Finally, sitting in front of the computer is great in the winter, but now that summer is finally here, I want to be outside, gardening and enjoying the sunshine. Also, I need to prepare for a fall research trip to England. So, I may post occasionally, but for now, it is time for a break. À bientôt.

Thursday, May 29, 2014

John Clark, of Durham, England

John Clark
 For a man with such a common name, John Clark had several secrets, some of which remain mysteries today. 

The first mystery was, where and when he was born? According to family lore, my four-times great-grandfather was a butcher who had come to Canada from County Durham, England, but a search of the baptismal records of Durham for the late 1700s brought up more than a dozen John Clarks. Which one was he?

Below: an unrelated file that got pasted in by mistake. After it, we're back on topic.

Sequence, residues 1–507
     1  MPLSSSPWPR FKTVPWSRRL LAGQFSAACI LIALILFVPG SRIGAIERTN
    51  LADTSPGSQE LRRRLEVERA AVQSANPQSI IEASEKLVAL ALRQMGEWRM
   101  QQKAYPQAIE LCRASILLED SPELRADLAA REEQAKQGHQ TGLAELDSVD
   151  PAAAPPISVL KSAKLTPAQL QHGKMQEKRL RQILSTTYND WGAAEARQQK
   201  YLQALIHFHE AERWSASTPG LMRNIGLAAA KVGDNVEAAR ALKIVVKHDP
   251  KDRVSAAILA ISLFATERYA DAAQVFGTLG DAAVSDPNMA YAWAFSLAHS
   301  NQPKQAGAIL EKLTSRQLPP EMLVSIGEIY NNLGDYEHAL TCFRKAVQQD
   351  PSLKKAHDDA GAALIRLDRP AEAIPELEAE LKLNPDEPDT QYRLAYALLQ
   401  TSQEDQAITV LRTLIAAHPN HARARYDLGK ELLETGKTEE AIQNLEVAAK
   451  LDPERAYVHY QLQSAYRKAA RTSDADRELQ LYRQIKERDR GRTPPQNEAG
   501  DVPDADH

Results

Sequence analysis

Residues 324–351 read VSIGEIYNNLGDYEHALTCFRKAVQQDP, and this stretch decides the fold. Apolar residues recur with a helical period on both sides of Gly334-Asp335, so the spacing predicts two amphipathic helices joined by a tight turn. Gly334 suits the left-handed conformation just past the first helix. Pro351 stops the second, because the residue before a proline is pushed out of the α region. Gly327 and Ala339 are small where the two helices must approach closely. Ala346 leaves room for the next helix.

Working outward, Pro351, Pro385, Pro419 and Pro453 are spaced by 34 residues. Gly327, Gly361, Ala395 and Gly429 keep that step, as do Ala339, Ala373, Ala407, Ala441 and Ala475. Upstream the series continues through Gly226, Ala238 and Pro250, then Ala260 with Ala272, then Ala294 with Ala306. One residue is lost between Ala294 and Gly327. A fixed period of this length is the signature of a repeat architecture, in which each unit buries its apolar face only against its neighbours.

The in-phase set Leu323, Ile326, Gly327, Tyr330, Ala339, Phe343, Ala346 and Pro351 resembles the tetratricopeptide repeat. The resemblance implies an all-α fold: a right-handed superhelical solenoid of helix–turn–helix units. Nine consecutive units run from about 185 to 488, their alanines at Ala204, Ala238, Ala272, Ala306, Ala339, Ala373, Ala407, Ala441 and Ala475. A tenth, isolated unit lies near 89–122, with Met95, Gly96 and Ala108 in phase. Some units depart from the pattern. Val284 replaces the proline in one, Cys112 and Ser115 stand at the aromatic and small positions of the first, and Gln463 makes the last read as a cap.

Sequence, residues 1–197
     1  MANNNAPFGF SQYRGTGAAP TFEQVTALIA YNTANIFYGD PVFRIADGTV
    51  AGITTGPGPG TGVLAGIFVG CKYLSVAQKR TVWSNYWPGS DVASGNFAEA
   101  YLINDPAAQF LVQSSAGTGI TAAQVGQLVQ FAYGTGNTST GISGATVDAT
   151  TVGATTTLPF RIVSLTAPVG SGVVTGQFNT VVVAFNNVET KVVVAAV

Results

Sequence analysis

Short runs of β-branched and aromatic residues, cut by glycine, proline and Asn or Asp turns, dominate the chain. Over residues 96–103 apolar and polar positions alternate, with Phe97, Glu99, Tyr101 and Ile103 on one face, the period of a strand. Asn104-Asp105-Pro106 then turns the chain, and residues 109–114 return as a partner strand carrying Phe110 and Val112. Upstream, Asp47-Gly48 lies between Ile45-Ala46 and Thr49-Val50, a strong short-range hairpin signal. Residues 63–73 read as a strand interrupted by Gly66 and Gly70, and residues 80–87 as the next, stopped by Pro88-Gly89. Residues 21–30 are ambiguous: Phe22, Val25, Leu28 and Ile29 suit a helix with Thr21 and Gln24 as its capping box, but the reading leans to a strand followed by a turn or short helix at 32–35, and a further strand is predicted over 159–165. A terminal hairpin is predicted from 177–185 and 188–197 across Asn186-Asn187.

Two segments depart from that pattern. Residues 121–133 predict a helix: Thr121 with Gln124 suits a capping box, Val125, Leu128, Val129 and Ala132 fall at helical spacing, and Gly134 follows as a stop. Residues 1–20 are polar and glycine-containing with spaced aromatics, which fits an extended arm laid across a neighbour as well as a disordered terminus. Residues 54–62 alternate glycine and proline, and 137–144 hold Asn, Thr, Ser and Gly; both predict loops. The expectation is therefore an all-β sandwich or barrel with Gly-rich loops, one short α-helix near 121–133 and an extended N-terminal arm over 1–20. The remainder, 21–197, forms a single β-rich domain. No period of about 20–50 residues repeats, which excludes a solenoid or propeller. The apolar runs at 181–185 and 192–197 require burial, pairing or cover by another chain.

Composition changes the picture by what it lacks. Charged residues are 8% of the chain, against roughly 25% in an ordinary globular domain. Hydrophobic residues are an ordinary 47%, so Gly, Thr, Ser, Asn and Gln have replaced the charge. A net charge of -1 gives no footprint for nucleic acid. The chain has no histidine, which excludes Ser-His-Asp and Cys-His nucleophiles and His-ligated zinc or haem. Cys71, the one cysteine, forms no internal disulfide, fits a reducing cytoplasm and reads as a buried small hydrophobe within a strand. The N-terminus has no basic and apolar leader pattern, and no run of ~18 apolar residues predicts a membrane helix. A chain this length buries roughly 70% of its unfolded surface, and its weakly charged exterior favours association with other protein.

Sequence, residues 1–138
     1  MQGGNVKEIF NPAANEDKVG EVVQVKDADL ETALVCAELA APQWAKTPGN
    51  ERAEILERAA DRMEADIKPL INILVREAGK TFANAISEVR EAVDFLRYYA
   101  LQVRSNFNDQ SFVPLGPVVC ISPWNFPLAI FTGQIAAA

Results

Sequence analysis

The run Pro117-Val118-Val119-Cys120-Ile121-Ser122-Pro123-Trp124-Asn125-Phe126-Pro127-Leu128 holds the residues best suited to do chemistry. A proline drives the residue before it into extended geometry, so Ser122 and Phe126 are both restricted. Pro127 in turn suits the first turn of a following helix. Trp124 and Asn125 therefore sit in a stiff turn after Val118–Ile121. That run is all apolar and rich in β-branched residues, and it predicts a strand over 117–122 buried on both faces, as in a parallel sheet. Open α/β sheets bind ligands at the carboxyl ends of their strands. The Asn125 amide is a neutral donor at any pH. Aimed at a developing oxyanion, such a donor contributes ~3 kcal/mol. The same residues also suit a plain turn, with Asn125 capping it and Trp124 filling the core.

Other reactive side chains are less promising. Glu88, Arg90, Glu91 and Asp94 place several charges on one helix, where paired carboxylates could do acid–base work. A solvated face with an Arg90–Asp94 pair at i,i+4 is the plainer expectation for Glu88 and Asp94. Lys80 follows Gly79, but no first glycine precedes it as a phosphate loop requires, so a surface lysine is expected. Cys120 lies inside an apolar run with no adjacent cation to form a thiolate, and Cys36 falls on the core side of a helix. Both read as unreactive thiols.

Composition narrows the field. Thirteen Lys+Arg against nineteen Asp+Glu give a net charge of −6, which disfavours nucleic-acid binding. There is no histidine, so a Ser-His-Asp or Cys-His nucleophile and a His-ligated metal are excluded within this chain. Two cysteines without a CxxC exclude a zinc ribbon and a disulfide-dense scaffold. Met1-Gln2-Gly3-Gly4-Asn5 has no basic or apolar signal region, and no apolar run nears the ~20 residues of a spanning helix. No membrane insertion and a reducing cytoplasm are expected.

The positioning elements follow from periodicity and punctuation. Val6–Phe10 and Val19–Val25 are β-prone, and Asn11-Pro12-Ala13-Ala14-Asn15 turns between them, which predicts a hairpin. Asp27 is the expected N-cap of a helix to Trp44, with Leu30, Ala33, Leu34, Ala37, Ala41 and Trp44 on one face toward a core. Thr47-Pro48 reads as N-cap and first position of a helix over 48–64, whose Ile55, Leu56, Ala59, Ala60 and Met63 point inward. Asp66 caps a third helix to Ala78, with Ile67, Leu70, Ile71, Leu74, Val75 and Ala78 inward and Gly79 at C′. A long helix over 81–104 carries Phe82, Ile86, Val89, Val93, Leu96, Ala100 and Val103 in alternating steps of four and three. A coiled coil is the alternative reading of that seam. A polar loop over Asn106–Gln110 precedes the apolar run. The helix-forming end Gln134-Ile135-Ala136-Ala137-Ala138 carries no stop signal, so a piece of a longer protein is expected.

Fortunately, another descendant did some genealogy research about 100 years ago and he left a note in the family Bible: “John Clark, pork butcher, 9-6-1767.” I checked the parish records again, and there it was: John Clark, of Wingate Grange, was baptized at Kelloe parish church, County Durham, on 9 June, 1767. County Durham was later known for its coal mines, but the region was mostly farmland when John was born, and Wingate Grange was a farm.

John’s parents, Ralph Clark and Margaret Pearson, were married in nearby Kirk Merrington parish in 1746. Why the family moved to Kelloe, and whether Ralph was a small landowner or a tenant farmer, I do not know. John appears to have been the seventh of their nine children.  

Several years ago, my husband and I visited the city of Durham, where we walked the steep streets of old town and toured the ancient cathedral. We had to leave the city to find the churches and cemeteries where John Clark and his wife’s family members had been baptized, married and buried, so I arranged for retired genealogist Geoff Nicholson to drive us around. Not only did Geoff take us to all those out-of-the-way places without getting lost, he told us about the area’s history.